@subwayd: Unfortunately it's not that, but thanks for searching dude! The visuals in the game I'm thinking of were a bit darker, and less cartoony. I'm starting to wonder if I could just call up my old school and see if they would have records for this sort of thing.
Edmundus's forum posts
A children's point and click adventure game about Red Riding Hood that I played on a school computer (maybe Acorn?) around 1994. Possibly made in Britain. From what I recall it had 16 bit visuals, and there was a map screen where you could select which area to go next (the game may have been set in the woods). My most vivid memory of the game is being confronted by the wolf, who I think demanded food. Offering him a carrot did nothing, but clicking nuts made the player throw a nut at him, which caused the wolf's face to enlarge and fill the screen (as if he was lunging towards you), making the game say 'quick! throw another nut!', and doing so made the wolf scamper off.
@viciousanchovy: Wow, I had no idea that game's music was packed with classical works! Always interesting to see how pieces are used in a game, sometimes an unexpected context makes me think of the piece in a new light.
@dogma: I only got into classical in the past few years, so it's been fun going back to games I played when I was young and recognising classical pieces in them. I agree that it's a shame that classical gets an unfair rap these days, I reckon most people would find something to enjoy in there if they explored more. Even describing all western art music with the collective label 'classical' probably doesn't help.
It's interesting that a few pieces have stuck out as being exceptionally popular in videogames. In retro gaming it seems like polyphonic pieces from the baroque era were very useful for meeting the limitations of older sound hardware, so there's a lot of Bach in older titles. Others have mentioned Bach's Toccata and Fugue in D minor, which seems to get a lot of mileage as a result of its modern reputation as a 'creepy' piece. The melody from Chopin's famous funeral march is also used a few times as a death theme in older games, which makes sense since it's instantly recognisable and has the right connotations.
I have to admit, my gut reaction on hearing classical in a modern videogame is to assume it's being used as a quick injection of 'artiness'. But in a few cases there's something else going on (like the mention of Dvorak's 9th having a precedent for being associated with the moon), which is always really interesting to hear.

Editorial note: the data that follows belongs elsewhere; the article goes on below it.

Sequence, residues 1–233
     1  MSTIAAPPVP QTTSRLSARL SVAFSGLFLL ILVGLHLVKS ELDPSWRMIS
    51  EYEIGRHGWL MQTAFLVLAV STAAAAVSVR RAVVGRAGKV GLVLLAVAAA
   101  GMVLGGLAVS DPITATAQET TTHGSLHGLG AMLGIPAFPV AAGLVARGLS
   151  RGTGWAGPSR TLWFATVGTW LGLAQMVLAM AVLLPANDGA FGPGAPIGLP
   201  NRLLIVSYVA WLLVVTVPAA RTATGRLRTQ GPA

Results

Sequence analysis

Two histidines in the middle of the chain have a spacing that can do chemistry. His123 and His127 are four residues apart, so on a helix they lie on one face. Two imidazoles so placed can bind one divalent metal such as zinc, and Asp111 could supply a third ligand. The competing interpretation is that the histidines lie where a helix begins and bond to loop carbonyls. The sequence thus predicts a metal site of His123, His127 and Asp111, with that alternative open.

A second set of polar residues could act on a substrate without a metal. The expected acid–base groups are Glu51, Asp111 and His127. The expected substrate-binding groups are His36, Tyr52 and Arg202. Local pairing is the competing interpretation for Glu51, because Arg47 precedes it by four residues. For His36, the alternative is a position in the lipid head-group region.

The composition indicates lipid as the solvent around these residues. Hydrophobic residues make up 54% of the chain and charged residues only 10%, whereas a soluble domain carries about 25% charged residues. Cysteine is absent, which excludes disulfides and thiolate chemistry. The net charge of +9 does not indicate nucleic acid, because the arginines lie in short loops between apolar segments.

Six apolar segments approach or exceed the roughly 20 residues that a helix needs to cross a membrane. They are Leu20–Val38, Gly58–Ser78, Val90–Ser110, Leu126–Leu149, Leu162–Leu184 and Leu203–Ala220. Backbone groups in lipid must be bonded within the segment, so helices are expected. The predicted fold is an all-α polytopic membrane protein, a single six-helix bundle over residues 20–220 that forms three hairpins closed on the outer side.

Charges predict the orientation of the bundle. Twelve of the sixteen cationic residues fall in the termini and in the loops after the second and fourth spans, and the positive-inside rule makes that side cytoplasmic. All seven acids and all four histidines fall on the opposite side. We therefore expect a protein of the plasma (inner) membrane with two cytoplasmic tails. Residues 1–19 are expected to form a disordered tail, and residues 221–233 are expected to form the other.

I wouldn't recommend starting with anything other than MGS1, and then doing 2-4 before playing 5. Even though it's chronologically set before 1, I'm pretty sure 5 will be designed for someone familiar with plot points from the other games, and so you'll enjoy it a lot more if you're filled in on all the story. If you don't fancy playing all the games, then as someone else suggested there are compilations available on YouTube. They're great games though, so check them out!
I'm Welsh, and I can't believe any Scot wouldn't jump at the chance to get away from the toxic British ruling class. The politics of fear have really come to the forefront recently and they have gotten increasingly dirty as the possibility of a yes has actually become more and more likely. What is the worst that can happen if you gain independence really? Because nothing at all will change with a 'no'.
I hope they vote yes for their own sake, even if it might be detrimental to the UK as a whole.
I'm Welsh and have to agree about the No campaign becoming increasingly desperate in recent weeks. The level of scaremongering in the mainstream media is disgusting, you'd think the world would come to an end if Scotland voted Yes.
For my own part, I'd be very pleased to see an independent Scotland as a knock against Westminster and the monarchy.
@vincentavatar: I found Witcher 1 a bit of a slog at times, but overall I enjoyed it, and I think you'll be glad you played through it when you get to Witcher 2 and import your save file. Even if it doesn't make a huge difference to the gameplay, it's a great feeling to recognise various characters and locations and feel further immersed in the world as a result. I might even say that it was worth seeing the clunky aspects of Witcher 1 so as to better appreciate the improvements in the sequel.
"Really feel as though the scriptwriters of the GiantBomb show could write some better dialogue for the character of X, he's just not gelling with me right now. They really should try to make him a more likeable character."
This is a great post.